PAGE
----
Williams v. Astrue
MEMORANDUM OPINION AND ORDER entered.. Upon consideration of the administrative record and the memoranda of the parties, it is ORDERED that the decision of the Commissioner be REVERSED and that this action be REMANDED for further procedures not inconsistent with the orders of this Court, as further set out. Signed by Magistrate Judge Bert W. Milling, Jr on 5/27/2011. (clr)
IN THE UNITED STATES DISTRICT COURT
FOR THE SOUTHERN DISTRICT OF ALABAMA
ANDRE T. WILLIAMS,
MICHAEL J. ASTRUE,
Commissioner of Social Security,:
CIVIL ACTION 10-0611-M
MEMORANDUM OPINION AND ORDER
In this action under 42 U.S.C. § 1383(c)(3), Plaintiff
seeks judicial review of an adverse social security ruling which
denied a claim for Supplemental Security Income (hereinafter
SSI) (Docs. 1, 13).
The parties filed written consent and this
action has been referred to the undersigned Magistrate Judge to
conduct all proceedings and order the entry of judgment in
accordance with 28 U.S.C. § 636(c) and Fed.R.Civ.P. 73 (see Doc.
Oral argument was waived in this action (Doc. 19).
consideration of the administrative record and the memoranda of
the parties, it is ORDERED that the decision of the Commissioner
be REVERSED and that this action be REMANDED for further
procedures not inconsistent with the orders of this Court.
This Court is not free to reweigh the evidence or
substitute its judgment for that of the Secretary of Health and
Human Services, Bloodsworth v. Heckler, 703 F.2d 1233, 1239
(11th Cir. 1983), which must be supported by substantial
Richardson v. Perales, 402 U.S. 389, 401 (1971).
substantial evidence test requires "that the decision under
review be supported by evidence sufficient to justify a
reasoning mind in accepting it; it is more than a scintilla, but
less than a preponderance."
Brady v. Heckler, 724 F.2d 914, 918
(11th Cir. 1984), quoting Jones v. Schweiker, 551 F.Supp. 205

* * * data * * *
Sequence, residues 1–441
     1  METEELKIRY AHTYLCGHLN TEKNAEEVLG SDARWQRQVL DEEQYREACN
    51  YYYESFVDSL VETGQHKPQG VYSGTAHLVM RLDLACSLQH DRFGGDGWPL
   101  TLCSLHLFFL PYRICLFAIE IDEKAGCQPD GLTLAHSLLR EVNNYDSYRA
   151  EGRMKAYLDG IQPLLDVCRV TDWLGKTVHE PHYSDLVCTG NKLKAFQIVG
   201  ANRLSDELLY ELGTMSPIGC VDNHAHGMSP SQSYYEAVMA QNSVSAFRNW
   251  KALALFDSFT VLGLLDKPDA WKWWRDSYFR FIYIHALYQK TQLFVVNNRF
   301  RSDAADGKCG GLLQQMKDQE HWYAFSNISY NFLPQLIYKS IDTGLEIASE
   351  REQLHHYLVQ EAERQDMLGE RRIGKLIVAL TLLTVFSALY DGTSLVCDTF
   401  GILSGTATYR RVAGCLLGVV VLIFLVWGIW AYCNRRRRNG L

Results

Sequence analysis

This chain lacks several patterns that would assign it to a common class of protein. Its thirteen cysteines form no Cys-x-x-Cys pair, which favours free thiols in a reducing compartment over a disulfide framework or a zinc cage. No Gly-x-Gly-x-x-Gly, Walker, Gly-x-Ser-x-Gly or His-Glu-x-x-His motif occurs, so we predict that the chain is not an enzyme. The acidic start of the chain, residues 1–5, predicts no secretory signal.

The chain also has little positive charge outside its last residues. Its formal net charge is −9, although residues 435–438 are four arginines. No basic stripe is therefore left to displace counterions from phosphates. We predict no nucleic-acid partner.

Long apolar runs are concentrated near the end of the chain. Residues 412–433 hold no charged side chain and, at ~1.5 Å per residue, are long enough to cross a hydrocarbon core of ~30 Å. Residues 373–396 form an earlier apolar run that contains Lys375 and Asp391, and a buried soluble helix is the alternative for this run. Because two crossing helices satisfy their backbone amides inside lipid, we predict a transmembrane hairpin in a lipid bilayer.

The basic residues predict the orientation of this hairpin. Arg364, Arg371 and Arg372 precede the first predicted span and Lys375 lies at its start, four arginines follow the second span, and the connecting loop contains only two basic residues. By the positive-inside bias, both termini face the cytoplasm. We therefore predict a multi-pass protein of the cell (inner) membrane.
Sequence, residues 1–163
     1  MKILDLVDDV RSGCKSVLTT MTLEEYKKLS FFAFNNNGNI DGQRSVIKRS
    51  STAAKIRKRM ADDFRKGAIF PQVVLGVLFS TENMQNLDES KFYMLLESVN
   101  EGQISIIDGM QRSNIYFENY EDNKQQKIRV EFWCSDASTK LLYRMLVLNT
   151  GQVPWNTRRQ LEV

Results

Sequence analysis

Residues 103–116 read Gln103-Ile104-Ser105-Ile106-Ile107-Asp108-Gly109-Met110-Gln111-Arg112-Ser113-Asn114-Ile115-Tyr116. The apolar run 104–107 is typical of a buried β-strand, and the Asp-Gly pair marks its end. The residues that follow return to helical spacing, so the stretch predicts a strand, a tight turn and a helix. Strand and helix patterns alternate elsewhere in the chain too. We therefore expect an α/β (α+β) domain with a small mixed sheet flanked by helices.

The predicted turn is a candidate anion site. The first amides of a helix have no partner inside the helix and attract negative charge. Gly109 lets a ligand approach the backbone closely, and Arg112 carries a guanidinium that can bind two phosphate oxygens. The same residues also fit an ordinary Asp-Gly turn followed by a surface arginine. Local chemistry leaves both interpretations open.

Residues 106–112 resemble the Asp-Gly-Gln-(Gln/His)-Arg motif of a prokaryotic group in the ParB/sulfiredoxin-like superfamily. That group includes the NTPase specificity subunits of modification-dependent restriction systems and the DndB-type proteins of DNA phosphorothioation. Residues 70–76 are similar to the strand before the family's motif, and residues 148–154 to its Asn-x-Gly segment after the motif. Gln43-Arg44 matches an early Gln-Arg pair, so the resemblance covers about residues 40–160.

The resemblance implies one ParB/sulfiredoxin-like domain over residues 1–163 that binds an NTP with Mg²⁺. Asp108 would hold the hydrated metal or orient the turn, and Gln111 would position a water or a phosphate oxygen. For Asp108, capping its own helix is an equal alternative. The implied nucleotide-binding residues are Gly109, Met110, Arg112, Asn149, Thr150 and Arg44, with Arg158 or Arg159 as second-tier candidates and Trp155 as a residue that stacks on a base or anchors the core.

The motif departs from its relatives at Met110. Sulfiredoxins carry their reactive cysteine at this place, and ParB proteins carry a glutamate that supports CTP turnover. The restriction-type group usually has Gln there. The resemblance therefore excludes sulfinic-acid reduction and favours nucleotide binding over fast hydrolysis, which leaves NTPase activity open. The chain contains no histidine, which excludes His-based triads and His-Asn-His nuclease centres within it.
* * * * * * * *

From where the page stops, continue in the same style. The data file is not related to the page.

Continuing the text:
(D. Md. 1982).
At the time of the administrative hearing, Plaintiff was
thirty-seven years old, had completed less than a high school
education (Tr. 70-73, 227), and had previous work experience as
a commercial or industrial cleaner (Tr. 77).
benefits, Plaintiff alleges disability due to mental retardation
and depression (Doc. 13 Fact Sheet).
The Plaintiff protectively filed an application for SSI on
May 8, 2008 (see Tr. 10).
Benefits were denied following a
hearing by an Administrative Law Judge (ALJ) who determined that
although he could not perform his past relevant work, Williams
was capable of performing limited medium work jobs existing in
the national economy (Tr. 10-23).
Plaintiff requested review of
the hearing decision (Tr. 6) by the Appeals Council, but it was
denied (Tr. 1-5).
Plaintiff claims that the opinion of the ALJ is not
supported by substantial evidence.
(1) The ALJ erred in giving determinative weight
to the conclusions of a non-examining medical expert
(hereinafter ME) psychologist; and (2) the ALJ failed to
consider whether Plaintiff’s IQ scores were medically equivalent
to Listing 12.05 (Doc. 13).
Defendant has responded to—and
denies—these claims (Doc. 14).
The relevant medical evidence of
On June 4, 1985, a report was completed by a School
Psychologist which indicated that Williams had undergone
examination because of poor academic performance; Plaintiff was
not quite thirteen years old and was attending sixth-grade
alternative classes (Tr. 174-75).
On the California Achievement
Test, Williams was reading at a 4.6 grade level and performing
math at a 4.8 grade level; his language abilities were at a 4.9
grade level while he could spell at a 4.1 grade level.
WISC-R, Plaintiff had a verbal IQ score of 80 while his
performance IQ score was 70, placing him in the borderline
intellectual functioning level range of intelligence.
from the Wide Range Achievement Test showed that Williams was
reading at the beginning third-grade level, spelling at the
beginning fifth-grade level, and performing arithmetic at the
ending third-grade level.
The Bender Gestalt Visual Motor Test
results suggested a perceptual motor developmental age of a
person between the ages of eight years, six months and eight
years, eleven months.
On February 27, 1991, Dr. Harold J. Fuller examined
Plaintiff and noted that he rarely made eye contact and appeared
to be painfully shy; Williams admitted to being “a little
depressed” (Tr. 237; see generally Tr. 236-38).
admitted suicidal ideation, though he had no current plans to
hurt himself; he was alert and oriented.
Insight was good and
intelligence was estimated to be low average.
diagnosis was severe depression, perhaps with psychotic
On January 26, 2005, Psychologist Annie Formwalt examined
Williams who told her he could not work because of depression;
his affect was normal and appropriate to content of thought and
conversation (Tr. 240-42).
He did not appear anxious and was of
euthymic mood; he was oriented in four spheres.
processes were grossly intact as there were no loose
associations, tangential, or circumstantial thinking; Williams
had poor insight and understanding of himself.
poor and estimated intelligence was average.
diagnostic impression was dysthymic disorder; it was the
Psychologist’s impression that he would have a favorable